It is hard to imagine today just how important a milestone this was for female jazz music, paving the way for others to follow in her footsteps. Though it is worth noting that few at the time knew she was the trumpet player, the importance of her recording was more important “on the ground,” as people heard of it, rather than in quantifiable historical terms.

Two years later, she toured with Ida Cox in support of Uncrowned Queen of Blues (some believe her later record Creole Blue to be influenced by this period in her life). She went on to play the jazz chair for Lil Hardin Armstrong’s Harem Harlicans, performing in some of the most famous jazz venues, including the Lafayette and Apollo theatres in New York City, and the Regal in Chicago. There is a tendency amongst jazz historians to treat female musicians as “perpetually emerging,” as Sherrie Tucker writes; however, as we have seen, Dolly was very far from emerging by this point—she was a well respected and established professional musician.

So much so that in 1937 she was able to put together a show at Harlem Uproar House on 52nd Street with the (now-dated and derogatory) title “7 whites, 7 coloured, and Dolly.” This show was pioneering in that it attempted—with a varying degree of success—to bridge the gap between the clubs of the jazz scene and the land of the theatre. The attempt is in itself testament to the position of respect Dolly now enjoyed amongst her contemporaries and it was whilst she was in New York, that Dolly recorded the performance for which she is most famous.

Swing!: Smashing Gender Stereotypes

It was in 1937 that she was recruited by Oscar Michauex. In 1938, the Black filmmaker—famous for his willingness to address racial issues in his films—announced the completion of three new films. One of these was a musical romance called Swing!, and it is in this film that Dolly appears. Oscar Michauex famously refused to shy away from issues such as African-American job discrimination, rape, lynching, and violence. Unfortunately for Dolly, this meant that his films often fell foul of the state censors, meaning that many of his films are largely forgotten today.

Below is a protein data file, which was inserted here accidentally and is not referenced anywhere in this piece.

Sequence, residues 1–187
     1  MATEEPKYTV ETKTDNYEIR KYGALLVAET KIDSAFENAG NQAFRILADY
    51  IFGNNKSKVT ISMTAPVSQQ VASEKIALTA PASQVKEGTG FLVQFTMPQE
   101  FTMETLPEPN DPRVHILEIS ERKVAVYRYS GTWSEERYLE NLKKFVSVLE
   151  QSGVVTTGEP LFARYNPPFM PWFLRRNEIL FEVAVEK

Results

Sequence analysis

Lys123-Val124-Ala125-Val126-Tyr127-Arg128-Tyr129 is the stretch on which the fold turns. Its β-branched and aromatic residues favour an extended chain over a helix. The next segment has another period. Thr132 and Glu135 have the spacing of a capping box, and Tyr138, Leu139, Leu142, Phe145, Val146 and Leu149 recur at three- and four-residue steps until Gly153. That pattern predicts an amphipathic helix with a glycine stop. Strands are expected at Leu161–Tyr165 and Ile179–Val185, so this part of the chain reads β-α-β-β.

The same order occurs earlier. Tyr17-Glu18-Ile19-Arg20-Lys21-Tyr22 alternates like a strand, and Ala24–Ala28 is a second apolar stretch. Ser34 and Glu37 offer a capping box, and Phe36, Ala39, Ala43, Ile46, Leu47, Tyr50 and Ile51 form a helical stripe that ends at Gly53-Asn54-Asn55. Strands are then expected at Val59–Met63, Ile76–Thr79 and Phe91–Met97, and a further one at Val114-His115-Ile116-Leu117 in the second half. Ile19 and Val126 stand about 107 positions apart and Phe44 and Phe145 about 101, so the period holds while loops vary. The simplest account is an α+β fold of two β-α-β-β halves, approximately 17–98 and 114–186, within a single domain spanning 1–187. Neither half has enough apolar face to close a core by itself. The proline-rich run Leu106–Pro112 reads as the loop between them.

We cannot be certain when Dolly filmed her scenes, but the autumn/winter of 1937 would make most sense, given that she was in New York at the time. Dolly has no lines in the film but her trumpet solos take centre stage and are the one remarkable feature of the film. Dolly’s performance in Swing! does not conform to any “standard” female role of the time. She is neither clown, whore, mother, alluring dancer, nor noble savage. Instead, she appears to be exactly what she is: a brilliant musician. This portrayal for the time is quite remarkable.

In her first performance she is seen wearing a conservative white dress of virginal simplicity—this, in itself, is in marked contrast to the historical tendency to portray African-American women (especially in the musical field) as sexually available.

Confident, Dolly stands in front of the all-male band, mistress of all she surveys, as behind her Leon Cross leads her accompaniment. Dolly’s playing style was known as “hot, being fast and syncopated with a toe-tapping rhythm.”

There is, however, nothing here in Dolly’s performance to detract from her music. There is none of the clown actions of Tiny Davis, nor the choreographed actions of Snow, who played on her sexuality through dance and costume. Dolly simply stands and plays, and by doing so she makes a stand for feminism over sexuality. Bud Freeman said of her performance that, “She had no affectation, no showmanship” and yet held the stage not through her sexuality but through her talent.

She is aware of the camera but only in the sense that she completely ignores it, going against the familiar stereotype of a woman playing to the camera. This in itself for a female jazz musician is pioneering. Dolly Jones is one of the earliest representations of a Black woman on screen who is portrayed as talented and attractive, but also chaste and modest.

There is no evidence to suggest that these factors were deliberate, but Dolly’s mere presence, as Kathy Ogren writes, “Disrupted and challenged conventional racist representations of Black female jazz musicians.”

Dolly Jones’ Legacy

Her appearance in Swing! was the highpoint of Dolly’s career. She went on to record again in 1941 with the Stu Smith Quartet, and became one of the first female jazz musicians to cut her own record, Creole Blue—though sadly none of her recordings sold well.

Dolly continued to play right up until her death in August 1975, though details about her later life are scarce.

Dolly Jones smashed barriers in the jazz world, both as the first female trumpeter to lay down a record and as the first to showcase her purely musical talent in film. Her playing was so beautiful, so visceral, that even in her known recordings her playing has been compared favorably to her hero Louis Armstrong.

Yet she remains forgotten, for every door she opened for female musicians, she lived to see them slam back. Yet she continued to play, and she deserves to be remembered for what she was: a groundbreaking trumpet player, who wrote an important chapter in the history of women’s jazz.

Doli Armenra (Dolly Jones) in Swing! 1938 an Oscar Micheaux Film - YouTube